Six times Indian celebrities have been involved in luxury car tax evasion cases: Saif Ali Khan, Amala Paul, Fahadh Faasil and others


High tariffs on imported cars have led many movie and sports stars to evade some of these taxes

Tamil actor Vijay breathed a sigh of relief when the Madras High Court (HC) waived a fine of Rs 1 lakh which was recently slapped on him. The veteran actor appealed in 2012 for an exemption from a head tax of Rs 40 lakh for his Rolls Royce Ghost, but the court ordered him to pay the amount. He is one of the many famous people in the limelight who got into trouble with the police for getting an expensive luxury car. Tax laws and rights differ from state to state in India, and here are some celebrities who have allegedly tried to bend the rules:

Fahadh Faasil

In 2017, the Malayalam actor was arrested and then released on bail in Kerala. Apparently his Mercedes-AMG E63 sports sedan was registered in the Union Territory (UT) of Pondicherry, even though he lived in Kerala. Reports say the critically acclaimed actor, known for films such as Nights of Kumbalangi, paid Rs 19 lakh for payments imposed by the court.

Amala Paul

This Malayalam actress also lives in Kerala. She had bought a Mercedes Benz S-Class in Bangalore in 2017, but registered it using a rented address in Pondicherry, saving almost Rs 19 lakh by avoiding Kerala’s higher registration fees and road taxes. The actress claims the car was primarily driven outside Kerala, but surrendered to authorities in 2018 and paid the applicable fines and taxes.

Danny denzongpa

This veteran Bollywood actor has registered his Range Rover in its original state, Sikkim. As he now lives in Mumbai, Maharashtra authorities reprimanded him in 2017. He had to pay almost Rs 30 lakh in fines and costs.

Suresh Gopi

The veteran Malayalam actor has been with the company since the 1980s and is now an appointed member of the Rajya Sabha, the upper house of the Indian Parliament. Despite his political status, Suresh Gopi was arrested by law for two of his Audis registered in Pondicherry. The first case was reported in 2017 around the same time as the Amala and Fahaad cases, and the second report was released in 2020. In total, the Crime Branch alleged that Gopi evaded nearly Rs 20 lakh in taxes and fees.

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Saif Ali Khan

Saif acquired a Toyota Land Cruiser in 2004, but it was imported under the transfer of residence rule which allows an overseas Indian returning to India to bring their car back to India without paying customs duties. . Saif made the payment through someone returning to India from Dubai. However, the Directorate of Enforcement (ED) alleged that the buyer could not have afforded a brand new Land Cruiser in Dubai and then traced the payment back to the famous Bollywood actor. To escape a tariff of Rs 30 lakh, Saif had to pay Rs 90 lakh in total fees and penalties.

Sachin Tendulkar

Fortunately, Sachin has never been reprimanded for his cars. In 2002, he equaled the long-standing record of iconic Australian cricketer Sir Donald Bradman by marking his 29th century in a test match. He was invited to the Ferrari paddock at the Silverstone circuit in the UK, where Michael Schumacher himself handed Sachin the keys to a new Ferrari 360 Modena. The staggering importance of this historic moment only grew over time, but there was a scandal in India at the time as it was exempt from the 150 percent import duty of around 1 , 13 crore rupees to bring his gift to India.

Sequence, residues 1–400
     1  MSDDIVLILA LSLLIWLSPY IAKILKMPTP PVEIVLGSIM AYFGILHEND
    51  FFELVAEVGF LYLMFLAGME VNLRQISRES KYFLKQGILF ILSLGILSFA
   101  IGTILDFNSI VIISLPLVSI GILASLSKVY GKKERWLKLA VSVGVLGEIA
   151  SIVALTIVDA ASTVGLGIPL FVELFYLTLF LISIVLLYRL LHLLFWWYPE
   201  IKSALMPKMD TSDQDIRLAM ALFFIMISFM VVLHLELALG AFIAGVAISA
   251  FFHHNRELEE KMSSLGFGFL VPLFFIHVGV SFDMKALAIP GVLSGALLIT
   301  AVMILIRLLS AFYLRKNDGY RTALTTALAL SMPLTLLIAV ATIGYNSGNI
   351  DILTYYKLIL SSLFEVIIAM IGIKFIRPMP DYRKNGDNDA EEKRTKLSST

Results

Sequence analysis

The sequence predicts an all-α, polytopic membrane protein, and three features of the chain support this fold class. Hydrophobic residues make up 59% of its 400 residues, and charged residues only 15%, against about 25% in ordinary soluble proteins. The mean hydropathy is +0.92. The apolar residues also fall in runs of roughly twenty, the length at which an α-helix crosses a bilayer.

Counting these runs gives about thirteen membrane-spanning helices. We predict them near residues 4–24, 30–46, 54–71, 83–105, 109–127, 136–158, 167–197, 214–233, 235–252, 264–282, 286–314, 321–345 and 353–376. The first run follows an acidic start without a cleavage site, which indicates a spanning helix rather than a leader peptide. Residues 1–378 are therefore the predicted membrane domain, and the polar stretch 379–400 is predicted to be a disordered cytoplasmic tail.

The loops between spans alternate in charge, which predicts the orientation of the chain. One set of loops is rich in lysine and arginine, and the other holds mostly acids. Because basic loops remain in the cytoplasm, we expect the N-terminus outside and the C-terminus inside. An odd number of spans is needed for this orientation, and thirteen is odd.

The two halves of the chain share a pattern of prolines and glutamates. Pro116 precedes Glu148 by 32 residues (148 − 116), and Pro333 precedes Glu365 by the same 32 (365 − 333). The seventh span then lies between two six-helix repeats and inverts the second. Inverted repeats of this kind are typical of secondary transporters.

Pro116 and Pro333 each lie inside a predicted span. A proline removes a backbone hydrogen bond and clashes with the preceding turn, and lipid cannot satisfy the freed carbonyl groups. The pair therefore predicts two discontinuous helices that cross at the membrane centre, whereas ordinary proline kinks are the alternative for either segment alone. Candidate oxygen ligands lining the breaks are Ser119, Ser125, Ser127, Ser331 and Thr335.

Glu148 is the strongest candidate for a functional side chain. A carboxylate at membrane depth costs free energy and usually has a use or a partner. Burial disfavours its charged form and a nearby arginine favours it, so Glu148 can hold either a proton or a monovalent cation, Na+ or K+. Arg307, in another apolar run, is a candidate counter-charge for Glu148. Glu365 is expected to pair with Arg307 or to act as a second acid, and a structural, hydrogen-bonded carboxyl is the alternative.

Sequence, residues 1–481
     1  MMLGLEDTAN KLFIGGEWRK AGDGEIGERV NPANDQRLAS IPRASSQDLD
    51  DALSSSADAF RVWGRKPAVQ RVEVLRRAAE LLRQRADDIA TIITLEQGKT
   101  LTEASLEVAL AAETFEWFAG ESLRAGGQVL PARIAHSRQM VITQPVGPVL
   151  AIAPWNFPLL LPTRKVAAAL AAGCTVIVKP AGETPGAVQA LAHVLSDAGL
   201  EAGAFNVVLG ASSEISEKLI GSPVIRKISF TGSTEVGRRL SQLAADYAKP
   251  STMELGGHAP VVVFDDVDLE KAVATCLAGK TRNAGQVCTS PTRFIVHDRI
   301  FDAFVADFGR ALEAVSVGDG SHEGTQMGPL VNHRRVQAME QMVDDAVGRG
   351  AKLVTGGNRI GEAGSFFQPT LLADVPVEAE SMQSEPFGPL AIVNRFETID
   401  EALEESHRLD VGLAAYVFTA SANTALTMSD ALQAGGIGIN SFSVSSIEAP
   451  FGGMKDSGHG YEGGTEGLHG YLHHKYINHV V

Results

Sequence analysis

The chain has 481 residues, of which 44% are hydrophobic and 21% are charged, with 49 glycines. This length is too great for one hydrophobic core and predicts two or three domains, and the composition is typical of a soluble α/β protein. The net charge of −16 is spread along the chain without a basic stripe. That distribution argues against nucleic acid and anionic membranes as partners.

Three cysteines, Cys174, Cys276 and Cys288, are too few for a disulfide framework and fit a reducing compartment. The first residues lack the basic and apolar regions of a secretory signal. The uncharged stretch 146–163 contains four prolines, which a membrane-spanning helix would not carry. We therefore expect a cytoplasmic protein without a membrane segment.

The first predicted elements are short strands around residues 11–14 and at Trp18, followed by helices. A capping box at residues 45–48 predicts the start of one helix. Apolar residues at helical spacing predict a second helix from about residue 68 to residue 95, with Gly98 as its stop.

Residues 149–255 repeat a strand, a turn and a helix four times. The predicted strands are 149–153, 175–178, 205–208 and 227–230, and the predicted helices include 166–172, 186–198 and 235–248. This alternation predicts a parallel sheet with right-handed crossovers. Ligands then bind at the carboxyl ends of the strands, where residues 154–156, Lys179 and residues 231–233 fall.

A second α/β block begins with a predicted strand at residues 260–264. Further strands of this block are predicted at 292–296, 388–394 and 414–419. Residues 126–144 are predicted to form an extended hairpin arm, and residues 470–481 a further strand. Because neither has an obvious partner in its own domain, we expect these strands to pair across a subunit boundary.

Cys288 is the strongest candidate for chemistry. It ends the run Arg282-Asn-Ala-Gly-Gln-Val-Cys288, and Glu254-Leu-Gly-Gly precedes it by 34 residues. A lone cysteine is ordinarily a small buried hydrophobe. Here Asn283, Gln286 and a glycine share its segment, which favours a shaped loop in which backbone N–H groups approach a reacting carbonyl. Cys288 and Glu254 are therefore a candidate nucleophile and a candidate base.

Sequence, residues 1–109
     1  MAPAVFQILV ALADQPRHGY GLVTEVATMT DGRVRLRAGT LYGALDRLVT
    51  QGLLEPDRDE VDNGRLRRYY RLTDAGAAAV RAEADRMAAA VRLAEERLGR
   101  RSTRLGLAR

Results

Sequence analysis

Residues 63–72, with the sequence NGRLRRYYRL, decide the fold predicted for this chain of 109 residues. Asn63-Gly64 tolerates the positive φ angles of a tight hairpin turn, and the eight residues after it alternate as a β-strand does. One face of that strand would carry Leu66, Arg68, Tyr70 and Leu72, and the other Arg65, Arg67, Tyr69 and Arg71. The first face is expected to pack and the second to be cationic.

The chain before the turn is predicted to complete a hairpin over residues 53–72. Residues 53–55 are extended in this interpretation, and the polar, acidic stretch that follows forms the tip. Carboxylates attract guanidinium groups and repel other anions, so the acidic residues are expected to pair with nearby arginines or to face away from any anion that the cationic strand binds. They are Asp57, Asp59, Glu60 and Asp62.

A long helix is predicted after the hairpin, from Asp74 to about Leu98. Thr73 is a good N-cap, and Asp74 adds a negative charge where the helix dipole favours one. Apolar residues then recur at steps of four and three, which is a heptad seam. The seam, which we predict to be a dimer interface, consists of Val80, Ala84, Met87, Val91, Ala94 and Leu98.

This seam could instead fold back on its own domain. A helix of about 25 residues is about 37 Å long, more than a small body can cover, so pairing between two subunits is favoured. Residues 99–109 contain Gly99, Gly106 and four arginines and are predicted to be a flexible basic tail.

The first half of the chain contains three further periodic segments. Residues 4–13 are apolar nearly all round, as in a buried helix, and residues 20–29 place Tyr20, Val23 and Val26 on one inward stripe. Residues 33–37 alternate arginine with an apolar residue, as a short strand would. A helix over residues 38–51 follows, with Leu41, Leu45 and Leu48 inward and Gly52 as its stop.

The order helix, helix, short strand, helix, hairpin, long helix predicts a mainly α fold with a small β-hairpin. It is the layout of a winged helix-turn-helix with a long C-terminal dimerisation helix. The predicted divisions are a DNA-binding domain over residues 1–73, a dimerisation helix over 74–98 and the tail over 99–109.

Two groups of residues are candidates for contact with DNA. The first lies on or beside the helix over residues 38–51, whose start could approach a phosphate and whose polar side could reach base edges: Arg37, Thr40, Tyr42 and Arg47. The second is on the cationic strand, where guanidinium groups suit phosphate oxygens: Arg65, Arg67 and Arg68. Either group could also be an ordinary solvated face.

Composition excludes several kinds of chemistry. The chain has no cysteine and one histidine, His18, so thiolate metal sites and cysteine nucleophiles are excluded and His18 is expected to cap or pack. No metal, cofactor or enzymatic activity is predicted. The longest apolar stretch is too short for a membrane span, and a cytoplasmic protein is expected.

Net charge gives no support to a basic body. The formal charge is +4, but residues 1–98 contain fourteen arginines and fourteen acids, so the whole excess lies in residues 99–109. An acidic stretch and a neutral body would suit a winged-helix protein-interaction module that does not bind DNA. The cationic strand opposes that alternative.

Mahendra Singh Dhoni

Around 2009, MS Dhoni bought a GMC Hummer H2 SUV which had to be imported from the United States. The transport officer responsible for issuing the registration certificate accidentally inserted his car model as “Mahindra Scorpio”, possibly because the H2 was not in the government’s database at the time. era. The error and the subsequent loss of Rs 3.5 lakh in registration fees and taxes were discovered seven years later. Dhoni not only had to pay the rest of the tax amount, but also a penalty.

Why do some people try to bend the rules?

Import laws have long been a thorn in the side of tankers in India. The few who can afford to buy luxury and sports cars face constantly changing rules and, currently, a high tariff of 100%. Add to that registration fees (between 10-20% for different states), insurance and other charges, and the price of the car is inflated to more than twice its original purchase cost.

In the past, it was almost 10 times cheaper to register a car in Pondicherry than in Mumbai, and all you needed was a temporary address. This is why celebrities often register their cars there instead of their state of residence. Today, the gap between registrations in Mumbai (where the tax has been capped at 20%) and Pondicherry is almost non-existent, although differences between other states exist. While the evasion of registration fees has led to arrests even among the rich and famous, it is undoubtedly a slight overcharge compared to the tariffs which still cost as much as the car you do. import, and which have always cost even more.

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In conclusion, Indians pay much more than people in first world countries for exotic brands such as Lamborghini, BMW and Roll-Royce. Lowering car taxes can certainly bring much needed diversity to the Indian market. It might even allow some of our favorite cars, such as the Porsche 911 and Ford Mustang GT, to depreciate to a point where more people can buy and drive them. In these times when irreparable climate change is on the horizon, this may even be the right way forward to improve the adoption of electric vehicles and hybrid cars in the country.


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